It’s hard to believe that it has been almost four years since Indianapolis was selected to host the 46th Super Bowl. For most of us, the Super Bowl has some sort of yearly tradition tied to it. We get together with friends, indulge ourselves, laugh at a few commercials and watch a football game. It’s one day, maybe two with a lingering hangover, and one event.
For a host city, the Super Bowl is much more than this.
Like many of its predecessors, Indianapolis has transformed in preparation for its countless visitors. From new hotels, to temporary businesses, street improvements and hours upon hours of logistical planning, the Super Bowl Committee has worked hard to prepare our city for its big day. But when those temporary businesses close and the zip line is taken down, what will our city be left with? Lots.
2,012 Trees Program
According to the Alliance for Community Trees, More Trees = Less Crime. In an effort to maximize the community impact (not to mention environmental impact) of additional trees, the Super Bowl Host Committee aimed to plant 2,012 trees by 2012. Not only did the Committee succeed in generating early excitement for the Super Bowl, but they surpassed their goal, planting 2,876.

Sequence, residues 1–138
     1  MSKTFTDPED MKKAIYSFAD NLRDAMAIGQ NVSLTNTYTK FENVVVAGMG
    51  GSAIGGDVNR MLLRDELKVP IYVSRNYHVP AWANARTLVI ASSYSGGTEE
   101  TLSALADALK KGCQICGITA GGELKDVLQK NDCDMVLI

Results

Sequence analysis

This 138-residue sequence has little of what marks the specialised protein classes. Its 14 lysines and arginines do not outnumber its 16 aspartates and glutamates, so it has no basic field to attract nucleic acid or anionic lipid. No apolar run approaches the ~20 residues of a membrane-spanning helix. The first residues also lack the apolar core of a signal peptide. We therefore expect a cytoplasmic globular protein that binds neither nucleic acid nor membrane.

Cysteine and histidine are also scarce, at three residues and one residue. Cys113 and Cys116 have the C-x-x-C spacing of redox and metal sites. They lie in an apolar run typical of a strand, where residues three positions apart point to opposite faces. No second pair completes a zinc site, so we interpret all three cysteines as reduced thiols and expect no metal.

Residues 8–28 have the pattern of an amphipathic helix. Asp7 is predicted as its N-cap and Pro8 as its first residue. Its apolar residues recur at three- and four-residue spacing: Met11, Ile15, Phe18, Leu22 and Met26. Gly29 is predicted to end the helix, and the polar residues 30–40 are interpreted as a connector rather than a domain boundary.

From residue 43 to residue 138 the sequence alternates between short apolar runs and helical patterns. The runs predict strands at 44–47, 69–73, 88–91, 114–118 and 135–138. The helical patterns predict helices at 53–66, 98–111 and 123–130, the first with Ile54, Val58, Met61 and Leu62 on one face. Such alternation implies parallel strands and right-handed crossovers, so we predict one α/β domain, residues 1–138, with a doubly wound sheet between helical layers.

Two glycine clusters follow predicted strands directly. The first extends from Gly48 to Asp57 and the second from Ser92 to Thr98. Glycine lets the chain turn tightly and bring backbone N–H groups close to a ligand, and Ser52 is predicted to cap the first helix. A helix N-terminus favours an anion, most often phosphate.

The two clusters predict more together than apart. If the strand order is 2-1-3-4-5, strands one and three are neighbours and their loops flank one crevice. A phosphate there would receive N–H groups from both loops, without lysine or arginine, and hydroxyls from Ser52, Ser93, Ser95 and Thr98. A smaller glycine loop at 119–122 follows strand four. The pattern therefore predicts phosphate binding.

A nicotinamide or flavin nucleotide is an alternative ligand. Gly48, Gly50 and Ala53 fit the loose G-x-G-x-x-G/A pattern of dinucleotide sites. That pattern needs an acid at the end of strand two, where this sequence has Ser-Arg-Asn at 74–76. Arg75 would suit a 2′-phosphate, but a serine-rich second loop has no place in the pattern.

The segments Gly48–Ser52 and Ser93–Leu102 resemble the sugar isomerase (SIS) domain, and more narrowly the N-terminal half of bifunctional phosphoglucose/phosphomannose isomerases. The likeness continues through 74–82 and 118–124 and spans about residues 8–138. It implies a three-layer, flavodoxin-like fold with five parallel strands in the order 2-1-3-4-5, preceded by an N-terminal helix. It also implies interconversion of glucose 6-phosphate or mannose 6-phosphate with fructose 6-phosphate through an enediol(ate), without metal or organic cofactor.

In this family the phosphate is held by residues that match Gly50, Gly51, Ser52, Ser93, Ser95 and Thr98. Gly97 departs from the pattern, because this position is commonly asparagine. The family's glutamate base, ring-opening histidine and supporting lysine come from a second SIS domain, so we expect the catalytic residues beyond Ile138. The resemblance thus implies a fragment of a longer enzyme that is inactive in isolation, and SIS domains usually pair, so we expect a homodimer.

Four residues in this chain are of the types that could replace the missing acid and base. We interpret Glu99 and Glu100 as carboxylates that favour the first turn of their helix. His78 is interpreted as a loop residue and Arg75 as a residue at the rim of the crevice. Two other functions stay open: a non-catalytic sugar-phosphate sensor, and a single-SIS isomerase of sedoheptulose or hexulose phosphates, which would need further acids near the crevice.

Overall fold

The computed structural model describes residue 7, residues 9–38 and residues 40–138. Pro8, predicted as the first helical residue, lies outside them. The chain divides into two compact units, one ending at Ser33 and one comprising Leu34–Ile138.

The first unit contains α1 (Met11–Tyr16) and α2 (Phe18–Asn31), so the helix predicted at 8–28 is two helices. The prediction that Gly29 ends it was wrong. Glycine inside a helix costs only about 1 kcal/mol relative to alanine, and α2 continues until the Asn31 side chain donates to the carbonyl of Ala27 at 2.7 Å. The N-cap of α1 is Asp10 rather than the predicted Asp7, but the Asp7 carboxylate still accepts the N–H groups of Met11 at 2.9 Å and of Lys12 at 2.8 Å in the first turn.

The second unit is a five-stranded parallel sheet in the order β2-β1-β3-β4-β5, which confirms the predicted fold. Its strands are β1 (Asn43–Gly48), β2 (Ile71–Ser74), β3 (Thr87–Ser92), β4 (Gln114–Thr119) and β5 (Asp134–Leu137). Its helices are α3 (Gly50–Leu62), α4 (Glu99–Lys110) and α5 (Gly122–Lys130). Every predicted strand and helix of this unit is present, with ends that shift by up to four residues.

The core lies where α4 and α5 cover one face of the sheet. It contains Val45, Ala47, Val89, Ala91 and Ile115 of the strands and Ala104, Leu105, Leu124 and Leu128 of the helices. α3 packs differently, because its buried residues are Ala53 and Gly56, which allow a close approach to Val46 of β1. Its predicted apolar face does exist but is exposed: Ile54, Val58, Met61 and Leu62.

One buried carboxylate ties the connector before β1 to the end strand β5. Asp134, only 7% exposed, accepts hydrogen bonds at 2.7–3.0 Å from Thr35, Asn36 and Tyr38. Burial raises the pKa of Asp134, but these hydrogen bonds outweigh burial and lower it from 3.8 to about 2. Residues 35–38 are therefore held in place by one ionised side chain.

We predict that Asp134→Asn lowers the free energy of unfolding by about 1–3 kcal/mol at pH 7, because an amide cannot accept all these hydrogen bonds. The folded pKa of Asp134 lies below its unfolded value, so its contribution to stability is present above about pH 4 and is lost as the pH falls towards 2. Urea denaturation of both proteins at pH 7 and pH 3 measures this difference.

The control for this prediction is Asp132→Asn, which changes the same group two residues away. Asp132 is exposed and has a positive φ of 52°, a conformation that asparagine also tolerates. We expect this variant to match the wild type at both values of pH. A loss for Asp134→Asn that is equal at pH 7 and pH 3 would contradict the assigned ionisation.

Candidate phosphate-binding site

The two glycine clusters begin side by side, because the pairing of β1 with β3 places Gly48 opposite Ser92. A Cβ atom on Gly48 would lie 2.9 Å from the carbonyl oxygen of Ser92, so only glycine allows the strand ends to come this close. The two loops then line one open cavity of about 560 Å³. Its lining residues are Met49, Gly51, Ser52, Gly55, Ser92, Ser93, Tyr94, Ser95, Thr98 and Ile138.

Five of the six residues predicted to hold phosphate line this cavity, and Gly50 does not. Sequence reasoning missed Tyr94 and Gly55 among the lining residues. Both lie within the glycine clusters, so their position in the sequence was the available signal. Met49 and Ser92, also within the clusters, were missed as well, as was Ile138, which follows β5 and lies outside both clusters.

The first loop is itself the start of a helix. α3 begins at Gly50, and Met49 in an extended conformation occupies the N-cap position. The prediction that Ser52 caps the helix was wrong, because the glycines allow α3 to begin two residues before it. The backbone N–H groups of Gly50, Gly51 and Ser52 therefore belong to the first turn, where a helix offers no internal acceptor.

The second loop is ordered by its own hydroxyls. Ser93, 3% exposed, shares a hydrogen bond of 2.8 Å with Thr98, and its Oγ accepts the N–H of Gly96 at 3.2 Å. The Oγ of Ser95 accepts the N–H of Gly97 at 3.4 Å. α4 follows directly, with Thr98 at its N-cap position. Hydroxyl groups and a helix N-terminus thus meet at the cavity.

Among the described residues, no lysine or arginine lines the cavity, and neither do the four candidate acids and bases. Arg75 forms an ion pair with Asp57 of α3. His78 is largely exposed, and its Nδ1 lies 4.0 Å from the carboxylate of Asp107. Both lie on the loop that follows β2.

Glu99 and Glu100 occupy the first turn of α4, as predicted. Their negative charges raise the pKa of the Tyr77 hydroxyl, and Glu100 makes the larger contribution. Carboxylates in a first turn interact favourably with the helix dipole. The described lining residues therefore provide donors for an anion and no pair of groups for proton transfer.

Indy Super Cure
Did you know that 1 in 8 women will get breast cancer? Did you also know that Indianapolis is home of the world’s only known tissue bank that collects healthy breast tissue for cancer research? Extending a nod to the city’s leadership in health and life sciences, the Super Bowl committee has teamed up with the Susan G. Komen Tissue Bank to develop Indy Super Cure. The goal of Super Cure is to raise awareness and increase donations to the tissue bank, while also raising money. Super Cure has surpassed their million-dollar fund raising goal but is working to collect 700 tissue donations in the weekend leading up to the Super Bowl XLVI. You can learn how to donate here.
Super Baskets of Hope
Super Bowl hosts cities have a long history of service projects, but Super Baskets of Hope will be the first to extend its reach nationwide. Beginning on January 30, gift-filled baskets will be put together for 7,000 hospitalized children in each of America’s 32 NFL cities. The Riley Children’s Foundation, the Basket of Hope program, and Tony Dungy have partnered on this effort, recruiting NFL players, coaches, and volunteers to then hand deliver the baskets.
46 for XLVI
Spear headed by the Arts Council of Indianapolis, 46 for XLVI ‘sought to elevate the arts and culture of our city.’ Supported by partnering institutions (including the City of Indianapolis) and a team of talented muralists, the project resulted in 46 new public murals throughout the city’s neighborhoods (you can search the murals map here). So next time you’re walking on Mass Ave. and Kurt Vonnegut greets you with a smile, you’ll hopefully smile back in reflection of this city, its partnerships and the lasting impact of one football game.
Be proud Indianapolis.
These are just a couple of the service projects connected to the Super Bowl. Additional efforts include (but are definitely not limited to): the Legacy Project, Super Scarves, Student Ambassadors, and Super Learning in a Super State.